After earning his PhD in 1984, Psychology Professor Steven Richman spent a few years conducting research on personality characteristics of medical students and physicians at New York Medical College. It was during that time he discovered his primary professional interest was teaching, something he had done a great deal of during graduate school. When he was hired to teach at Nassau in 1990, Prof. Richman says he was
“excited to become part of an institution that would value and nurture my passion for teaching.”
Prof. Richman specializes in educational psychology — a science that focuses on better understanding the factors that enhance learning and teaching. He believes his background in this area, as well as his many years of teaching experience, have been the major influences on his evolution as a teacher.
“I believe that expert knowledge of subject matter is necessary, but not totally sufficient, to make one an effective teacher,” he says. “An effective teacher must also possess excellent teaching skills, show genuine enthusiasm for his subject and genuine caring for his students.”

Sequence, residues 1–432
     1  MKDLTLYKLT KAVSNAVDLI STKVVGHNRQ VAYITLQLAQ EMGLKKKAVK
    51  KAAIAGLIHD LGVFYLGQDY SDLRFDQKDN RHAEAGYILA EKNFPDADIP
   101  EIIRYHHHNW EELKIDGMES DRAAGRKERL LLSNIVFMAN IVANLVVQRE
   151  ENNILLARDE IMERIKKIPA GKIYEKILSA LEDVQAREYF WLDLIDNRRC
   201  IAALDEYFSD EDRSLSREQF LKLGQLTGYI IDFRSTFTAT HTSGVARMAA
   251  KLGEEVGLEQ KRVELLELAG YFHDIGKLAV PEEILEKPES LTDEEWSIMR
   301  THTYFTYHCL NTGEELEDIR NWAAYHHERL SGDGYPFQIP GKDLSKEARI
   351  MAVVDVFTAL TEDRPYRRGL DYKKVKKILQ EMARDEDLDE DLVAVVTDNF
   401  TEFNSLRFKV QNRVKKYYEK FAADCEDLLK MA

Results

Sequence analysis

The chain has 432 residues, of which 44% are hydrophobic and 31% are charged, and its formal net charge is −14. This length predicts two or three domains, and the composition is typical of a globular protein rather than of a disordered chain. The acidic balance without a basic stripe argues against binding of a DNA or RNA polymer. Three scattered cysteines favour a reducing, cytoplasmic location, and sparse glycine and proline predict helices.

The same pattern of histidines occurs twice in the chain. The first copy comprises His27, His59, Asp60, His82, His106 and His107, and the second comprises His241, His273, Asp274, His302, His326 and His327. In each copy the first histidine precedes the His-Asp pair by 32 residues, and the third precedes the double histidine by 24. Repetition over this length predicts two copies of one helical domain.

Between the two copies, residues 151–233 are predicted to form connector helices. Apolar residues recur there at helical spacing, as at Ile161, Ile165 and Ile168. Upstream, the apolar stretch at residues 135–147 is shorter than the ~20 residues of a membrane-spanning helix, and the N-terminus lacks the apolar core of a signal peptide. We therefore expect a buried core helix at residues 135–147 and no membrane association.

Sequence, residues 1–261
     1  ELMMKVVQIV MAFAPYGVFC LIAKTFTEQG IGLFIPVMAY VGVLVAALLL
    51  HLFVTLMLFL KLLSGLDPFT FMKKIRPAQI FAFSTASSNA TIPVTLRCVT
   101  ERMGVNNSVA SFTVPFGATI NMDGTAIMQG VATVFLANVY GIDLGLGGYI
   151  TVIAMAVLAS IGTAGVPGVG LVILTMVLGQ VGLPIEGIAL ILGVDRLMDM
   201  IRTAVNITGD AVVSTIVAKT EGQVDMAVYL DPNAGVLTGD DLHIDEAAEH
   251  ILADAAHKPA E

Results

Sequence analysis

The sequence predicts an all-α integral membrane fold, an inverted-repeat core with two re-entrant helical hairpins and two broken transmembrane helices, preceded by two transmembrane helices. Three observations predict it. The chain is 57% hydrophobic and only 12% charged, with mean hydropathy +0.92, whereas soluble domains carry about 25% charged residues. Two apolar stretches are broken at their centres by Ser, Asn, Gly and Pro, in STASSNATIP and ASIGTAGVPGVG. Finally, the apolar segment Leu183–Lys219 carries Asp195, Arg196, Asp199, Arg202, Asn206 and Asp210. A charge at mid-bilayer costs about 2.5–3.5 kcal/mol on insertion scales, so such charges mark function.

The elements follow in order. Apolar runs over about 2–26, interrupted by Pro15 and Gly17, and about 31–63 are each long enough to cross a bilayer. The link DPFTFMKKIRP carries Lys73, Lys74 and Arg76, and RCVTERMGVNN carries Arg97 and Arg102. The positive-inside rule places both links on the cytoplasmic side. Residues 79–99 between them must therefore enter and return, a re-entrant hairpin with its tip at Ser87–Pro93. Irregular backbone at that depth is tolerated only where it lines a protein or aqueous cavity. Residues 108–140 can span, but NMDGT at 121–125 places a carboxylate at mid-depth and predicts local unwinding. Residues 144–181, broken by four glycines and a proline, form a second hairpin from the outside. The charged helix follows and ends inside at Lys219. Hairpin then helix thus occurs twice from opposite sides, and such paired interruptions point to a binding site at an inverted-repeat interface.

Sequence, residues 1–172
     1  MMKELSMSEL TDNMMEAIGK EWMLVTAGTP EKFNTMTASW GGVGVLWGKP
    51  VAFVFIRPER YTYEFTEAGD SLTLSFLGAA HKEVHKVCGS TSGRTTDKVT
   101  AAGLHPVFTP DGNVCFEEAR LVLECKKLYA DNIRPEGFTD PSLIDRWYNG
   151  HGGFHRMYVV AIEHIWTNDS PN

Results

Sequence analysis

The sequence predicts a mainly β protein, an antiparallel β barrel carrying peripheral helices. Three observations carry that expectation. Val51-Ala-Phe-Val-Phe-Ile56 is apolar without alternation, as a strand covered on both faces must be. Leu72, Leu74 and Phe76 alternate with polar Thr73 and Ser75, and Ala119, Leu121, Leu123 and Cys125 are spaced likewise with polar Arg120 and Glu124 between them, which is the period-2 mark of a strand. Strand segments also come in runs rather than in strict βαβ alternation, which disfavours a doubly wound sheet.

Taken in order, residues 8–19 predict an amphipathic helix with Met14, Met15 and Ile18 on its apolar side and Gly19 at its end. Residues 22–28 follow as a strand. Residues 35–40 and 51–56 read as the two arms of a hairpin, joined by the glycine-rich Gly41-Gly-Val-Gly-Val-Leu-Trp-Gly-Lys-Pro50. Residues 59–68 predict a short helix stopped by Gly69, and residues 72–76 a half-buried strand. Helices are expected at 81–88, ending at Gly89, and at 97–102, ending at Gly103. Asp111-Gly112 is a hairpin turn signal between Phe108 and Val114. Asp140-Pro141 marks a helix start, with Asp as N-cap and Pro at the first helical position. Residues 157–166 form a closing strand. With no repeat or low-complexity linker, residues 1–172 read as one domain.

That’s his approach — as well as the approach of his colleagues, Prof. Richman says. In his department alone, his colleagues’ commitment to students extends beyond the psychology classrooms. They have helped to create, or have served as advisors to, a number of student clubs, such as the Psychology Club and the Future Teachers Club. Each year, they also induct students into national honor societies.
“Nassau’s professors,” Prof. Richman says, “are not only experts in their fields but excellent teachers who are dedicated to their students’ intellectual growth and academic success.”